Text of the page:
ALBUQUERQUE, N.M. – The Rio Grande Gorge Bridge in picturesque northern New Mexico is the state’s most famous span, has appeared in movies and attracted tourists from around the world.
But the steel deck arch bridge sitting 650 feet above the Rio Grande has also been the site of more than 125 suicides in 20 years.
Now Reps. Roberto “Bobby” Gonzales and Debbie Rodella, two northern New Mexico Democrats, want the state to divert more than $150,000 to reassign three state police officers to monitor the isolated bridge.
Other lawmakers have suggested that the bridge needed suicide barriers but that idea hit roadblocks due to funding and concerns the barriers would exceed the bridge’s weight limit.
The bridge is the second highest bridge on the U.S. Highway System, just outside of Taos, New Mexico and 43 miles south of Colorado.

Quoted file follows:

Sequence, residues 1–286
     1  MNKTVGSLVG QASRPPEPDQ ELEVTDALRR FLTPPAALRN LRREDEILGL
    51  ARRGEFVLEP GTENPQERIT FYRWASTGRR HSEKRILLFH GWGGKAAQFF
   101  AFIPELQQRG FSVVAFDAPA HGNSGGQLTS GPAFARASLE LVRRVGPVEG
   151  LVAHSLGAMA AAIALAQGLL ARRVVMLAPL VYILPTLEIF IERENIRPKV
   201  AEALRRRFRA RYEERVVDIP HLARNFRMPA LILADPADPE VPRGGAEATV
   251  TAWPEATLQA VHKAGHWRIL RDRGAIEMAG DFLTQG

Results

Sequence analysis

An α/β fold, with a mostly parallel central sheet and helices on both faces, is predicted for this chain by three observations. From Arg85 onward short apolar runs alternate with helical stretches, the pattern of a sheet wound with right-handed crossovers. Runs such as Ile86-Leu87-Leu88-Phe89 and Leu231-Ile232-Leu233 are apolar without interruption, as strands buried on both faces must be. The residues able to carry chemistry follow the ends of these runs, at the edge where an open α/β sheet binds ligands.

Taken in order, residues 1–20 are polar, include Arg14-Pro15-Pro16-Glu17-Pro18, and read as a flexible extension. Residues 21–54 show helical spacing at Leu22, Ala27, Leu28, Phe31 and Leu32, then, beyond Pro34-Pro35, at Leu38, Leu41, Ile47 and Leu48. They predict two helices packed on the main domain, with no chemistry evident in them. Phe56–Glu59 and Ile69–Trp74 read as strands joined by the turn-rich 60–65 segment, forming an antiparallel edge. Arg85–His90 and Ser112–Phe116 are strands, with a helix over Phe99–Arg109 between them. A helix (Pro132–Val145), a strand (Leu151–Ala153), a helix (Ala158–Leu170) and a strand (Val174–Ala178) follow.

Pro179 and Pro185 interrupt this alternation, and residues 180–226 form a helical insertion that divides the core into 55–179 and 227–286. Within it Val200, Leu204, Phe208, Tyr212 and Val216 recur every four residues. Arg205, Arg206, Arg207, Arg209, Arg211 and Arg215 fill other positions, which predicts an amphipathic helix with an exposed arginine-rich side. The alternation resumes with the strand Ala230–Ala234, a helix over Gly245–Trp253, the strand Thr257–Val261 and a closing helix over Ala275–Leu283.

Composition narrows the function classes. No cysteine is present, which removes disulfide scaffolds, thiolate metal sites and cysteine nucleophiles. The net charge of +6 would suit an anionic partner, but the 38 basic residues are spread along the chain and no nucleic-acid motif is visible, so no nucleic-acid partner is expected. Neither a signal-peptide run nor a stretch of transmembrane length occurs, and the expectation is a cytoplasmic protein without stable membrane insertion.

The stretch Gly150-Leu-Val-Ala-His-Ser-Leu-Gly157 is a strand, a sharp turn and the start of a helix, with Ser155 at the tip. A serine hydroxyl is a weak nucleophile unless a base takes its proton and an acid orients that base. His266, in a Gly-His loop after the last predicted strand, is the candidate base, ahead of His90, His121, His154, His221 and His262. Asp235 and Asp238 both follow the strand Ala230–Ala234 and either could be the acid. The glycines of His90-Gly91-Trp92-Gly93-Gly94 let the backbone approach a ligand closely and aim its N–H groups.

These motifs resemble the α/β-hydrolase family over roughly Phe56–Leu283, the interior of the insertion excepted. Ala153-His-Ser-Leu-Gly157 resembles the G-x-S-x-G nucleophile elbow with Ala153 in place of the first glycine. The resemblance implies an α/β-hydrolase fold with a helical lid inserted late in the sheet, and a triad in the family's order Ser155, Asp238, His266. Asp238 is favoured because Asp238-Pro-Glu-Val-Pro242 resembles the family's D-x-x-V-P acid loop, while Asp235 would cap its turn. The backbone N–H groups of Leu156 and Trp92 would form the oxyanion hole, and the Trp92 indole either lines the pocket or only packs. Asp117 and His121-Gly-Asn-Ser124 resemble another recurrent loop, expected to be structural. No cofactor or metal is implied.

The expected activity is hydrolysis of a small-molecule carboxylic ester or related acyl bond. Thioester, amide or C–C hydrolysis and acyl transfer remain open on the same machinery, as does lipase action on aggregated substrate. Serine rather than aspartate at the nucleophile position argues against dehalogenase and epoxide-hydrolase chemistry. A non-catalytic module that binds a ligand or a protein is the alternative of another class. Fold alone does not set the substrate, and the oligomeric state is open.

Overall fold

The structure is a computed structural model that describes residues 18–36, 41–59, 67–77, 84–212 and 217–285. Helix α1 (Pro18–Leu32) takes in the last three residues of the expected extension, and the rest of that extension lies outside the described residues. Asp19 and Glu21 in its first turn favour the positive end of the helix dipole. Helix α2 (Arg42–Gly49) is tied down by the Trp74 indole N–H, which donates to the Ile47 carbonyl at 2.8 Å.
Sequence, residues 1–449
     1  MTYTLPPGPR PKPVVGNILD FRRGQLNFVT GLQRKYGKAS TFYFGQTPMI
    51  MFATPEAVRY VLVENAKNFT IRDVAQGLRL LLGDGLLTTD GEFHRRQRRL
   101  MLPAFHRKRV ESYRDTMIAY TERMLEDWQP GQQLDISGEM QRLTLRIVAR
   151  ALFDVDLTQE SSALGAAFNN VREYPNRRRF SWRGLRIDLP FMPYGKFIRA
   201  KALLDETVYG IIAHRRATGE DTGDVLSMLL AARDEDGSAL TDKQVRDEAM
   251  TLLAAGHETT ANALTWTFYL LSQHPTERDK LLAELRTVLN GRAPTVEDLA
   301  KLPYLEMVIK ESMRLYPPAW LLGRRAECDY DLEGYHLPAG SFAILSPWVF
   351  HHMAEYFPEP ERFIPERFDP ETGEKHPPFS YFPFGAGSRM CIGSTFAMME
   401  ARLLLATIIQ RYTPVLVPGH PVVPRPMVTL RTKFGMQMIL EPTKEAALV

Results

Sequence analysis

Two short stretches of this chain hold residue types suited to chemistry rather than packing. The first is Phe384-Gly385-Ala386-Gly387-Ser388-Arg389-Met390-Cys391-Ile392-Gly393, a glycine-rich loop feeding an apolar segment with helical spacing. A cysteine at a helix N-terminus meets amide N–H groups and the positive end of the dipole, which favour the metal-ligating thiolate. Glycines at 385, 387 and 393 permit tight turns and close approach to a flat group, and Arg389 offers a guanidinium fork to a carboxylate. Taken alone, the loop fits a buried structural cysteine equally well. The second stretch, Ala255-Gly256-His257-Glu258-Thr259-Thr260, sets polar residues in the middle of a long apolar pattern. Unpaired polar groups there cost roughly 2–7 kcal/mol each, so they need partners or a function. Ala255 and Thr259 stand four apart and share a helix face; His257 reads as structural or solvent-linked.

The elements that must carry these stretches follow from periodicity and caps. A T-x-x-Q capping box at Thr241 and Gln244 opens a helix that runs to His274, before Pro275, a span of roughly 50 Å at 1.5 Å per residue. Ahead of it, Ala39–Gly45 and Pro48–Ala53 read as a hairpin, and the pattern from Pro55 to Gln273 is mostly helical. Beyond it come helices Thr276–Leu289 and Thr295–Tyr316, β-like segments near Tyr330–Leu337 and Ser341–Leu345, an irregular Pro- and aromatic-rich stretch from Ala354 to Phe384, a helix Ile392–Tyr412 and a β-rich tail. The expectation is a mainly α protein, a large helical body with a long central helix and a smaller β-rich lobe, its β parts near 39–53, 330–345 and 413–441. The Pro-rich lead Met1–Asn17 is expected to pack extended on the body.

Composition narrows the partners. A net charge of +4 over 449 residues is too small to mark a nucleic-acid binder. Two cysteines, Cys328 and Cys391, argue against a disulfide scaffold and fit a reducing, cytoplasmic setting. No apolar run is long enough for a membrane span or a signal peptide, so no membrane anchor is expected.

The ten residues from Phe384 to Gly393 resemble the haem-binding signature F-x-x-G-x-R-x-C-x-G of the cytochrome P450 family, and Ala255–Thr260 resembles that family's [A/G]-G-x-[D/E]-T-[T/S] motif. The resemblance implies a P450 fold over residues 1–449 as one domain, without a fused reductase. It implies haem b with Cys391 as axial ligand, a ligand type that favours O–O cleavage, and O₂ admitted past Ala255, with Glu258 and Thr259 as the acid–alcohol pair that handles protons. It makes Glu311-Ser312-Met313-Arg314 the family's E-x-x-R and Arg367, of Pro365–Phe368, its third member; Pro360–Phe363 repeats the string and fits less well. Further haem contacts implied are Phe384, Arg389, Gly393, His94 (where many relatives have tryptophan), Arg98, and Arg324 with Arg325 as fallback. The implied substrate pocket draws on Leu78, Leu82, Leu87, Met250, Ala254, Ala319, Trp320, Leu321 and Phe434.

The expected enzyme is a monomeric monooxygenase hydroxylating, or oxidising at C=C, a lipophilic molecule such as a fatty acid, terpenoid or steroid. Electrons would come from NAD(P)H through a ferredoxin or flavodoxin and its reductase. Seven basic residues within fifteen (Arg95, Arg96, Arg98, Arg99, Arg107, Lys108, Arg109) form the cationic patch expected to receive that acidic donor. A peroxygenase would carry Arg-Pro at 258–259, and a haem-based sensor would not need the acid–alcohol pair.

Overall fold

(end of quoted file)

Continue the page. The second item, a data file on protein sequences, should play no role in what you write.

Taos County officials estimated that six people a year commit suicide by falling off the Rio Grande Gorge Bridge.
In 2016, the New Mexico Department of Transportation installed 10 phones at the bridge to be answered by crisis counselors with the 24-hours-a-day New Mexico Crisis Access Hotline.
The moves in New Mexico follows step taken in other states to halt suicides at their famous bridges.
In California, officials said Golden Gate Bridge suicides have decreased after the addition of five officers tasked with spotting suicidal people. More than 1,400 people have jumped to their deaths that bridge opened in 1937.
A bridge across the Hudson River in New York also has had phones connected to a suicide hotline for two decades.
The New Mexico bridge was built in 1965 and was then was called the “bridge to nowhere” since funding for a road on the other side hadn’t been allocated at the time.
Since then, it has appeared in movies including “Natural Born Killers” and “Terminator Salvation.”